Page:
fact that they convert two-thirds of the freshwater they use into
wastewater, globally. In India, where Coca-Cola is the target of formidable
community-led campaigns for creating water shortages and polluting
groundwater and soil, the corporation has located many of its bottling
plants in drought prone areas - and destroyed the lives and livelihoods
of tens of thousands.
For its part, Nestlé Waters' has placed a full ten percent of its
factories in extremely water-stressed areas. Along with Coca-Cola,
Pepsico, and others, Nestle has pursued an aggressive and misleading
campaign to market bottled water, which, more often than not, comes
straight from the public faucet. While most of Nestlé's bottled water
brands come from groundwater sources, not all do. The company has
aggressively promoted its PureLife brand, which comes mostly from
purified municipal water sources. Of Nestlé Waters' $3.57 billion
in U.S. sales in 2006, the PureLife brand accounted for $1.17 billion.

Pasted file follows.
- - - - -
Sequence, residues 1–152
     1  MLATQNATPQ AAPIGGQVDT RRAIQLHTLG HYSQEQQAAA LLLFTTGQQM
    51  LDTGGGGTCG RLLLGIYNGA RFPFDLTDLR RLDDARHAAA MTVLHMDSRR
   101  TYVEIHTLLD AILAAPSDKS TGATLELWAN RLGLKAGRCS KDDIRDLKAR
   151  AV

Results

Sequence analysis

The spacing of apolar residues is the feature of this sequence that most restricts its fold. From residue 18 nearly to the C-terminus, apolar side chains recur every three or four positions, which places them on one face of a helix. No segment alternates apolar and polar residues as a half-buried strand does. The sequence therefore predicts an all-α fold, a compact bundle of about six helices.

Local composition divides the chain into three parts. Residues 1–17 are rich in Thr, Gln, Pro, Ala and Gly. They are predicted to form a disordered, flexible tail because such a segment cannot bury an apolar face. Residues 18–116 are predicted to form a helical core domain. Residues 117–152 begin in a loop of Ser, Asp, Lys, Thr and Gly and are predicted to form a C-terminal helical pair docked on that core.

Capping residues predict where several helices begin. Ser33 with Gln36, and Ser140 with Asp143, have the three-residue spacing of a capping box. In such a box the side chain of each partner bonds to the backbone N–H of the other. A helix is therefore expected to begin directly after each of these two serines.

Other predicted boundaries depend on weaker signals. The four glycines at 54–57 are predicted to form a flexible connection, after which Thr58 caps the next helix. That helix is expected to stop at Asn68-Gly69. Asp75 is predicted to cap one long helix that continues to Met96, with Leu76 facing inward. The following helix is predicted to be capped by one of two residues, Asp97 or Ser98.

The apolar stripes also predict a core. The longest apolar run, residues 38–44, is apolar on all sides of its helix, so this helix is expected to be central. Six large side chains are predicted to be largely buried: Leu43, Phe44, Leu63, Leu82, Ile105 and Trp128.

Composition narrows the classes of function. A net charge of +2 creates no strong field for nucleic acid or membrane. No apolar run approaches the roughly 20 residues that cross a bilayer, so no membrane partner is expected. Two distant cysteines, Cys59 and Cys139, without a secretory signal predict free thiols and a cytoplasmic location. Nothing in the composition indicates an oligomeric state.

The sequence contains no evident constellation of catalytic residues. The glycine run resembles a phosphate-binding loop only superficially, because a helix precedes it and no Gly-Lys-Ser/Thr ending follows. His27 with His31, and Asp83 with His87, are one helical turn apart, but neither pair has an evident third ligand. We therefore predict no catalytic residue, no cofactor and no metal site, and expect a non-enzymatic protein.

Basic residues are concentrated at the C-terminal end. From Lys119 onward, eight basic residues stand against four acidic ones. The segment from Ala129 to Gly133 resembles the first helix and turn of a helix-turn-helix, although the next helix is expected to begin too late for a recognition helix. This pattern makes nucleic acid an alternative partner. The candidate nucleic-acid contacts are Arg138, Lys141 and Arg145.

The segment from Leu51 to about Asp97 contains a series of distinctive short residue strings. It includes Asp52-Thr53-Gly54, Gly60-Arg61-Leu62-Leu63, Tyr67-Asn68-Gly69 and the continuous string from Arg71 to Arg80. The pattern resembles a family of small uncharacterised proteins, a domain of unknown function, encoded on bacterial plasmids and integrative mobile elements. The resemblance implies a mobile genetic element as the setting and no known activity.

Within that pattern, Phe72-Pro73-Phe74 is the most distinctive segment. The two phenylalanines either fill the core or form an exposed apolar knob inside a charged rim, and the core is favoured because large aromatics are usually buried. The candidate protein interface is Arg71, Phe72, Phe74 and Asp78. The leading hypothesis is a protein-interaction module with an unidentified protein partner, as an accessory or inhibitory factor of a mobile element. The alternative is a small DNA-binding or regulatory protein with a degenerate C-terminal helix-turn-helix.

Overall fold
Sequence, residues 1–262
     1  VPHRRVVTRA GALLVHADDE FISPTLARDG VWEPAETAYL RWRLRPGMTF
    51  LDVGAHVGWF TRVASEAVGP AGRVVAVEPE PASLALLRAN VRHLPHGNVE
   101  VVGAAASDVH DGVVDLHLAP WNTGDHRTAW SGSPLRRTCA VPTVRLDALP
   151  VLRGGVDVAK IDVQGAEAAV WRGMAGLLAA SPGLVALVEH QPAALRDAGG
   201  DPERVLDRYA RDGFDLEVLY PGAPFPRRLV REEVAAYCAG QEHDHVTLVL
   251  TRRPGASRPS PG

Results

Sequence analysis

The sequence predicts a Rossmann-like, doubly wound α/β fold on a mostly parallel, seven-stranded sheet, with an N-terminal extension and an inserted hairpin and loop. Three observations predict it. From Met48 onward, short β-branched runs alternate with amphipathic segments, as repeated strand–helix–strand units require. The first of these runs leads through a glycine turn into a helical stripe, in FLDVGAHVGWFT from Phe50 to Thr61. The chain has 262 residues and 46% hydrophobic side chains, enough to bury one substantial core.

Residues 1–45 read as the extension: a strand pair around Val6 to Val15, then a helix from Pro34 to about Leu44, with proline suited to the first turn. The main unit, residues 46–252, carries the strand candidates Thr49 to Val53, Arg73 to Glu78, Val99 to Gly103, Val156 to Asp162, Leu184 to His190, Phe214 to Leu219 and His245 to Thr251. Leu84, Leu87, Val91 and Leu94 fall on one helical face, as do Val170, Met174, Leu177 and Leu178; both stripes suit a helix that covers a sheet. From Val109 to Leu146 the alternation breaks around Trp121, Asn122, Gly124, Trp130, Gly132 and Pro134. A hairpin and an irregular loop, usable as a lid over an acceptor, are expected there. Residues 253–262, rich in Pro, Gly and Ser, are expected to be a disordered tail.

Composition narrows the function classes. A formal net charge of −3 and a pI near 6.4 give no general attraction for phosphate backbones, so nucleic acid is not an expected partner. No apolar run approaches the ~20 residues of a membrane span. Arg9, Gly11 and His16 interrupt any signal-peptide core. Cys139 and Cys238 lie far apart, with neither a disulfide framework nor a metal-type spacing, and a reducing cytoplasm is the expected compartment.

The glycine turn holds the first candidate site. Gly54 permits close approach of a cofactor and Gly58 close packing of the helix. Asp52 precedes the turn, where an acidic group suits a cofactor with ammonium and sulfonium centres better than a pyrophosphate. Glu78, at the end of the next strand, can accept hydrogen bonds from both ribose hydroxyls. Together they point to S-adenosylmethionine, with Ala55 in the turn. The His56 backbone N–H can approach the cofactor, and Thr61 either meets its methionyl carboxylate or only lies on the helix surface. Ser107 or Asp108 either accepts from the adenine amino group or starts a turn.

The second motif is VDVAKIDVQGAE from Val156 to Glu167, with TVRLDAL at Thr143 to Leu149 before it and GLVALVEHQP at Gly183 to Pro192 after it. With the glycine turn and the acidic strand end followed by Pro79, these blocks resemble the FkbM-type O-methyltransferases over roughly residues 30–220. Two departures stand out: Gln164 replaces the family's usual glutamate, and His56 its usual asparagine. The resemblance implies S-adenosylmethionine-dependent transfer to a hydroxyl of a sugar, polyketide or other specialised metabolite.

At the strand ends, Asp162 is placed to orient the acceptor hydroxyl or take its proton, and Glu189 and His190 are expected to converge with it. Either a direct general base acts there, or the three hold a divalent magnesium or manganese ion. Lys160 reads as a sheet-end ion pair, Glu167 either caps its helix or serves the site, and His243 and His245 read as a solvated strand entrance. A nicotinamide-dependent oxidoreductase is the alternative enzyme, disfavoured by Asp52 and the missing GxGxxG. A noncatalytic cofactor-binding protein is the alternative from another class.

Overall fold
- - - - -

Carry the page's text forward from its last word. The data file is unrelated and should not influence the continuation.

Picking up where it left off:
Marked up a thousand times its cost at the tap, bottled water is a
true consumer rip-off. Add to this the environmental cost of plastics
used in the bottled water industry (more than 1.5 million tons), and
the climate costs of trucking the bottles everywhere, and you have
the picture of an industry whose environmental footprint is disturbingly
excessive and altogether unnecessary.
Dean Foods' record on water quality is equally troubling. In the late
1990s, Dean Foods was found guilty of nearly 2,000 violations of the
Clean Water Act and fined $4 million for repeatedly discharging milk
solids and other pollutants into public water sources. Dean Foods
failed to address the violations for six years in order to reap higher
In addition to obscuring the records of the world's biggest water
profiteers, the conference appears to be part of a larger strategy
to promote water privatization. "Corporate Water Footprinting" is
endorsed by the International Private Water Association which works
to privatize water resources by advocating "the private sector as
a viable partner to governments."
Providing access to water - a fundamental human right - cannot be